GETTING CREDIT Two types of frameworks can facilitate access to credit and improve its allocation: credit information systems and borrowers and lenders in collateral and bankruptcy laws. Credit information systems enable lenders’ rights to view a potential borrower’s financial history (positive or negative)—valuable information to consider when assessing risk. And they permit borrowers to establish a good credit history that will allow easier access to credit. Sound collateral laws enable businesses to use their assets, especially movable property, as security to generate capital— while strong creditors’ rights have been associated with higher ratios of private sector credit to GDP. What do the indicators cover? Doing Business assesses the sharing of credit information and the legal rights of borrowers and lenders with respect to secured transactions through 2 sets of indicators. The depth of credit information index measures rules and practices affecting the coverage, scope and accessibility of credit information available through a credit registry or a credit bureau. The strength of legal rights index measures whether certain features that facilitate lending exist within the applicable collateral and bankruptcy laws. Doing Business uses two case scenarios, Case A and Case B, to determine the scope of the secured transactions system, involving a secured borrower and a secured lender and examining legal restrictions on the use of movable collateral (for more details on each case, see the Data Notes section of the Doing Business 2015 report). These scenarios assume that the borrower: 

Is a private limited liability company.



Has its headquarters and only base of operations in the largest business city. For the 11 economies with a population of more than 100 million, data for a second city have been added.

WHAT THE GETTING CREDIT INDICATORS MEASURE Strength of legal rights index (0–12)

3

Rights of borrowers and lenders through collateral laws Protection of secured creditors’ rights through bankruptcy laws Depth of credit information index (0–8)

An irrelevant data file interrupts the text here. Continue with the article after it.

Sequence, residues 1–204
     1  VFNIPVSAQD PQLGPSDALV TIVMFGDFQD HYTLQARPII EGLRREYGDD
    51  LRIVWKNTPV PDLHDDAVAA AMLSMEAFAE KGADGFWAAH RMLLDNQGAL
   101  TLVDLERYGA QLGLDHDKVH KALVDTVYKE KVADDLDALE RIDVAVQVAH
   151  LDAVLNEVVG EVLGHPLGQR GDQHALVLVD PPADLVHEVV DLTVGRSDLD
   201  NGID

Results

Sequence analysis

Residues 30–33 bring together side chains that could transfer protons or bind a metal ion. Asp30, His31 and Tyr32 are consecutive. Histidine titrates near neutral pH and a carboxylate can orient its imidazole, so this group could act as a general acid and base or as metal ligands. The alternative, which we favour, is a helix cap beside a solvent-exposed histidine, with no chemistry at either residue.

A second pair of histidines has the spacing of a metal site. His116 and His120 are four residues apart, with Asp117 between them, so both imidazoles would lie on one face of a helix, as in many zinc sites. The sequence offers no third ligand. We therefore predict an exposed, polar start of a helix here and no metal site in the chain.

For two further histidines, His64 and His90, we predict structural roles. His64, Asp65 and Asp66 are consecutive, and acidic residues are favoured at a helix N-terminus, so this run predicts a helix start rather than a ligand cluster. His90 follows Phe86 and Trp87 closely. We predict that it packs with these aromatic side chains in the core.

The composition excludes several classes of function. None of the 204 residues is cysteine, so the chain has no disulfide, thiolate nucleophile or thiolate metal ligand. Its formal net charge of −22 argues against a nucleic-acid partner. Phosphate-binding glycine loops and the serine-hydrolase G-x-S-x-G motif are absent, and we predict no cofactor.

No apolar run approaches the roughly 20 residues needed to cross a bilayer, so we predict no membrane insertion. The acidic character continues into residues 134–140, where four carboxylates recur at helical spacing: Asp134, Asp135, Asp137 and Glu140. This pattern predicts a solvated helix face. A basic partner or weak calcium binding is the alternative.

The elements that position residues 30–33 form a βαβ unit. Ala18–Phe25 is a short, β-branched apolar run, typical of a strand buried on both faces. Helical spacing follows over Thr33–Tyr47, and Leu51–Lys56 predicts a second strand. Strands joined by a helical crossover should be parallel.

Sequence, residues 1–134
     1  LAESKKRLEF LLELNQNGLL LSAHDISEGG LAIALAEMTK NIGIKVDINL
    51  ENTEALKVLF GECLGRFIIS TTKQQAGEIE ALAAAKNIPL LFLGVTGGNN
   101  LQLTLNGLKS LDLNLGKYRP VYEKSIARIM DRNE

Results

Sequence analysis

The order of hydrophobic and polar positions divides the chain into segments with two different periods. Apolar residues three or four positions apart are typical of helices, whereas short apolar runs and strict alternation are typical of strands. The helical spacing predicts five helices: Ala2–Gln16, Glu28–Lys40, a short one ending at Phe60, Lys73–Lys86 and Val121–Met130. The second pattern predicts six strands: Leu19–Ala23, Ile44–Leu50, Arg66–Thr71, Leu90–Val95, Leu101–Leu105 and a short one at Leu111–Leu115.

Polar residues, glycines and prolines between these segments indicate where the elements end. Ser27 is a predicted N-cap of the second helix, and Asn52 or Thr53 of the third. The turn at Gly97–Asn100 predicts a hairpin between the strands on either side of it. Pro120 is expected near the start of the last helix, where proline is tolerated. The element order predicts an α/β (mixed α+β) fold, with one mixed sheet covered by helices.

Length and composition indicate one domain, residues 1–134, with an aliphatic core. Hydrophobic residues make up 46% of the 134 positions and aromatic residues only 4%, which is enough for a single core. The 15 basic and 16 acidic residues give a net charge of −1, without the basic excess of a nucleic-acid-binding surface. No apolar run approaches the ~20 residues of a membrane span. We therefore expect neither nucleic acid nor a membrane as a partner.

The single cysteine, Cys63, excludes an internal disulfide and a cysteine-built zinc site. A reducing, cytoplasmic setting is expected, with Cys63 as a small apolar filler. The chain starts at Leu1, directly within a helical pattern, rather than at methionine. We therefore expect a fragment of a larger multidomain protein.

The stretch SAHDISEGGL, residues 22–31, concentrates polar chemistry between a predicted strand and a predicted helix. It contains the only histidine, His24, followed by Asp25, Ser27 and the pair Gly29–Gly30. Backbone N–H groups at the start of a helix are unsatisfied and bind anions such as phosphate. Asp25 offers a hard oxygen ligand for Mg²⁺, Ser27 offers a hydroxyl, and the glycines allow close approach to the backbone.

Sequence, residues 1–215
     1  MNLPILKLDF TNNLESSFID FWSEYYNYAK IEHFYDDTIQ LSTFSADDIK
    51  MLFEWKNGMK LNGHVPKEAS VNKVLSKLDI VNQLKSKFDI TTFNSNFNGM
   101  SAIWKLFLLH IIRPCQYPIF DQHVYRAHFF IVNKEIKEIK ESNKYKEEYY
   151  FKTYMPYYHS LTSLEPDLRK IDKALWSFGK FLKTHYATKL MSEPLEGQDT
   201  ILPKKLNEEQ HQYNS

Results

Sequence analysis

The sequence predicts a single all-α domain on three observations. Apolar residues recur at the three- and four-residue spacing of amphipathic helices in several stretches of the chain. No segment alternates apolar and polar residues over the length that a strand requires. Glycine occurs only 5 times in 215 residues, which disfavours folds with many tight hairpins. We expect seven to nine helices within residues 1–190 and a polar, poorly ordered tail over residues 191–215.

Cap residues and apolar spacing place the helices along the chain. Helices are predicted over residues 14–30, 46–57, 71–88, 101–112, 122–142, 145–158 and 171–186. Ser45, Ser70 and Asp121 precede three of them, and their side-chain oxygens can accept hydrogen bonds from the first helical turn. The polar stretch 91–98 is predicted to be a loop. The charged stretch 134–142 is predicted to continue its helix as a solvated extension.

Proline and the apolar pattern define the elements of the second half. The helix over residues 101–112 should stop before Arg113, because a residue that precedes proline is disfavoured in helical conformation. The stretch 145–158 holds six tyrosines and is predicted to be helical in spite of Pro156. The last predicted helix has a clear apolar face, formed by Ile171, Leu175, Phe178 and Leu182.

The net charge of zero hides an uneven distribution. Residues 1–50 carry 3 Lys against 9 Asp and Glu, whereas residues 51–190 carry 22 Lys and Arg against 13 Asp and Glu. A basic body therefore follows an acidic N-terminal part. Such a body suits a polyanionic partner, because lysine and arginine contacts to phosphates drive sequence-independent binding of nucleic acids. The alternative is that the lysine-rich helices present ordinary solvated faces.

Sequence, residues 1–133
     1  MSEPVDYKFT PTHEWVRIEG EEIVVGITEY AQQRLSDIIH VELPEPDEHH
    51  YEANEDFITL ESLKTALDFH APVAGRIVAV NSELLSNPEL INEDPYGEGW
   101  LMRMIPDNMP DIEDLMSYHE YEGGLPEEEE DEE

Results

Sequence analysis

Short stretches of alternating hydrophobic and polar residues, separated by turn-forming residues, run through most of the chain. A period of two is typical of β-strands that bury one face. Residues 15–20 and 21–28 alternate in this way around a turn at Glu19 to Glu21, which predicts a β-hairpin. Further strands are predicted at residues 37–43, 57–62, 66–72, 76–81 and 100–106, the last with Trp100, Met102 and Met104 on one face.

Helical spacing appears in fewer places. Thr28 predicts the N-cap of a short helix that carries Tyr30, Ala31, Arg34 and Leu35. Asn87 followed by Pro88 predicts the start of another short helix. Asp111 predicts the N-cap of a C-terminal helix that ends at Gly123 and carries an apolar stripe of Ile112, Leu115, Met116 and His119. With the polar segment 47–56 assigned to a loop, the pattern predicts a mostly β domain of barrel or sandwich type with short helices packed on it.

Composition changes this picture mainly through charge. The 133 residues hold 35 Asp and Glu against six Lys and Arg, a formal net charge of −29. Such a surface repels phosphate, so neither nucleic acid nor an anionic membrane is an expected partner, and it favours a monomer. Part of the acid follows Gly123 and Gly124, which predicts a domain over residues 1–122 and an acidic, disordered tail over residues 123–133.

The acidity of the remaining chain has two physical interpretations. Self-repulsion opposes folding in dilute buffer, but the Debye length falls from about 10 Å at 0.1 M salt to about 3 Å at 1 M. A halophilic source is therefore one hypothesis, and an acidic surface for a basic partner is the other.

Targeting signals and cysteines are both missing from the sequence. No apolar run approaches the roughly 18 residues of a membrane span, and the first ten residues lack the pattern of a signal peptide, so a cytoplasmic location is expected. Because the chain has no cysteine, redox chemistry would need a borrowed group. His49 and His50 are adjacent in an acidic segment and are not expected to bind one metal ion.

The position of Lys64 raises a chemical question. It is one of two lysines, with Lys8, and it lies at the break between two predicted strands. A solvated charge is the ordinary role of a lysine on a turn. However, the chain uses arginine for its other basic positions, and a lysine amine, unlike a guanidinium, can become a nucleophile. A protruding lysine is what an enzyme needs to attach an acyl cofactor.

4

Scope and accessibility of credit information distributed by credit bureaus and credit registries Credit bureau coverage (% of adults) Number of individuals and firms listed in largest credit bureau as percentage of adult population Credit registry coverage (% of adults) Number of individuals and firms listed in credit registry as percentage of adult population



Has up to 50 employees.



Is 100% domestically owned, as is the lender.

The ranking of economies on the ease of getting credit is determined by sorting their distance to frontier scores for getting credit. These scores are the distance to frontier score for the strength of legal rights index and the depth of credit information index.

For the legal rights index, 2 new points are added in Doing Business 2015 for new data collected to assess the overall legal framework for secured transactions and the functioning of the collateral registry. 4 For the credit information index, 2 new points are added in Doing Business 2015 for new data collected on accessing borrowers’ credit information online and availability of credit scores. 3

Doing Business 2015

45

Solomon Islands

GETTING CREDIT Where does the economy stand today? How well do the credit information system and collateral and bankruptcy laws in Solomon Islands facilitate access to credit? The economy has a score of 0 on the depth of credit information index and a score of 10 on the strength of legal rights index (see the summary of scoring at the end of this chapter for details). Higher scores indicate more credit information and stronger legal rights for borrowers and lenders.

Globally, Solomon Islands stands at 71 in the ranking of 189 economies on the ease of getting credit (figure 6.1). The rankings for comparator economies and the regional average ranking provide other useful information for assessing how well regulations and institutions in Solomon Islands support lending and borrowing.